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Work-related expenses

This is information for registered tax agents about the rules for claiming work-related expenses for employees.

Last updated 1 July 2019

This information is for registered tax agents about the rules for claiming work-related expenses for employees and the written evidence we may request during a review or audit. It may not cover all written evidence we may request due to the individual circumstances of each case.

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Rules for claiming work-related expenses

To claim a deduction for a work-related expense for your client:

  • they must have spent the money themselves and weren't reimbursed
  • the expense must be directly related to earning their income
  • they must have a record to prove it.

If there was a private component, your client can only claim a deduction for the work-related portion of the expense.

Your client must have spent the money

Your client must have incurred the expense in the relevant income year (for example, to claim a deduction in their 2019 income tax return, they must have incurred the expense between 1 July 2018 and 30 June 2019).

Deductibility test

You can only claim deductions for work-related expenses where they were incurred by your client in the course of gaining or producing their assessable income, and are not of a capital, private or domestic nature.

For an expense to be deductible, it must be:

  • incurred in performing the client’s employment activities – for example, travel, home office and phone expenses
  • sufficiently connected to their employment activities – for example, work tools/equipment, eligible clothing and self-education expenses and the connection between the expense and your client's income earning activities must be more than remote or minor, and the incurring of the expense not merely peripheral to the activities.

If there was a private component, you can only claim a deduction for the work-related portion of the expense.


If your client can demonstrate that an expense is deductible, then substantiation rules must be met.

Rules for written evidence to substantiate deductions

Your client must have written evidence to prove their claims if the total claims exceed $300. The records must prove the total amount, not just the amount over $300.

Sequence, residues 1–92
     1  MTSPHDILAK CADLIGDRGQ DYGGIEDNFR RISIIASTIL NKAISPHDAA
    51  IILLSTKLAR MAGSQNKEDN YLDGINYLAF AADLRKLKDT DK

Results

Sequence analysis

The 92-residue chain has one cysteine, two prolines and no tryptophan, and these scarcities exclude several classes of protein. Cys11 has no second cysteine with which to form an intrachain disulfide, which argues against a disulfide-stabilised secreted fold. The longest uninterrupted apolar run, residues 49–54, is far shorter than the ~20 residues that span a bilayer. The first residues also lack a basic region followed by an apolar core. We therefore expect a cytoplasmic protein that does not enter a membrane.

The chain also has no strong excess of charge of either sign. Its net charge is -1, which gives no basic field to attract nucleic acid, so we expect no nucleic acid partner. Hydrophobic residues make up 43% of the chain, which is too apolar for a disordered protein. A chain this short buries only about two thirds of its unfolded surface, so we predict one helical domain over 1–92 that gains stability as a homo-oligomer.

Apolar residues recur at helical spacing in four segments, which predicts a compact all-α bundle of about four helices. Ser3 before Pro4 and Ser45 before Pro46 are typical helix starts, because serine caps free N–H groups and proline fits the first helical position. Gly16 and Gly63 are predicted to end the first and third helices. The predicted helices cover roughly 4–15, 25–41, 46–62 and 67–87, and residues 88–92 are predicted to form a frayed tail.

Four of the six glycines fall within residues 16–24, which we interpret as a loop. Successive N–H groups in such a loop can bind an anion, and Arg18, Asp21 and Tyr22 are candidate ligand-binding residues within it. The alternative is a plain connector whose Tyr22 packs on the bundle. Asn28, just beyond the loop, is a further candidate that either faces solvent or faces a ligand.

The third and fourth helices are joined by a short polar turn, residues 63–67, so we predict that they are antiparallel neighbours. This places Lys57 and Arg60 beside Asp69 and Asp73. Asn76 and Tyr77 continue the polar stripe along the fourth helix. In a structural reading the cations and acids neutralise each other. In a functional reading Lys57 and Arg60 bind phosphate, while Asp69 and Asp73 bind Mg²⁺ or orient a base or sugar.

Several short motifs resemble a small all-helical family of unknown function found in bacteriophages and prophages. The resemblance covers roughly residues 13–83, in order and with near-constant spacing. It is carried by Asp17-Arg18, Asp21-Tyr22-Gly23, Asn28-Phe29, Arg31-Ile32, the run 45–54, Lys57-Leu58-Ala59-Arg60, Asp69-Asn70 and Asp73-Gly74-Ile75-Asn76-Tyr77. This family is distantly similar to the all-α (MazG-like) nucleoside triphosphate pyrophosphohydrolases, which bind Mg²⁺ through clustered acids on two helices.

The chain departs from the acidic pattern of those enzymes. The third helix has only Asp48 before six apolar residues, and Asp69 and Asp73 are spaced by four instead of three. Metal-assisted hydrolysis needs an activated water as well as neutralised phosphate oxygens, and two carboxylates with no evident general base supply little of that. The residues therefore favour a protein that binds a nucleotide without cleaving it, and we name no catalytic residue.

The $300 limit doesn't apply to claims for car expenses, meal allowance, award transport payments allowance, or travel allowance expenses. There are special written evidence rules for substantiating these types of expenses.

Written evidence

The documentation must be in English unless the expense was incurred outside Australia.

The following constitute written evidence.

  • A document from the supplier of the goods or services that shows the  
    • name of the supplier
    • amount of the expense
    • nature of the goods or services – if not shown, your client may write this on the document before they lodge their tax return
    • date the expense was incurred
    • date of the document.
  • Another document or combination of documents containing the information listed above, examples include  
    • bank and other financial institution statements
    • credit card statements
    • BPAY  reference numbers (may be called receipt or transaction numbers)
    • email receipts
    • income statement or PAYG payment summary (may show union fees)
    • paper or electronic copies of documents – must be a true and clear reproduction of the original.
  • Evidence recorded by the client  
    • for expenses of $10 each or less, providing the total of these expenses isn't more than $200
    • if your client has been unable to obtain written evidence, for example, for toll or parking fees where a receipt cannot be obtained.

Each of these items of evidence must show the same details as a document from a supplier as described at the top of this list.

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Claims of $300 or less

Your client doesn't need written evidence but we may ask your client to tell us how the claim was worked out and explain why the claim is reasonable, based on the requirements of your client's occupation.

Exclusions from record-keeping requirements

Specific exclusions from record-keeping or substantiation requirements are available for certain work expenses. These include the following.

  • Total work-related expense claims of $300 or less.
  • Laundry ($150 or less).
  • Travel expenses that are covered by a travel allowance and are within the reasonable allowance amounts we publish. However, your client may still be required to show the basis for determining the amount of their claim, that the expense was actually incurred, and that it was for work-related purposes (refer to Taxation Ruling TR 2004/6).
  • Small expenses ($10 each or less and not more than $200 in total).

How long to keep records

Your client needs to keep written evidence for five years from the due date for lodgment of the tax return in which the deduction is claimed. If the return is lodged after the due date, the five years start from this later date. If your client is in dispute with us over a deduction in a tax return after the five years has ended, the relevant records must be kept until the dispute is resolved.

If your client has claimed a deduction for decline in value, written evidence must be kept for five years from the date of their last claim for decline in value. This period is extended if, when the five years end, they are in a dispute with us that relates to a depreciating asset.

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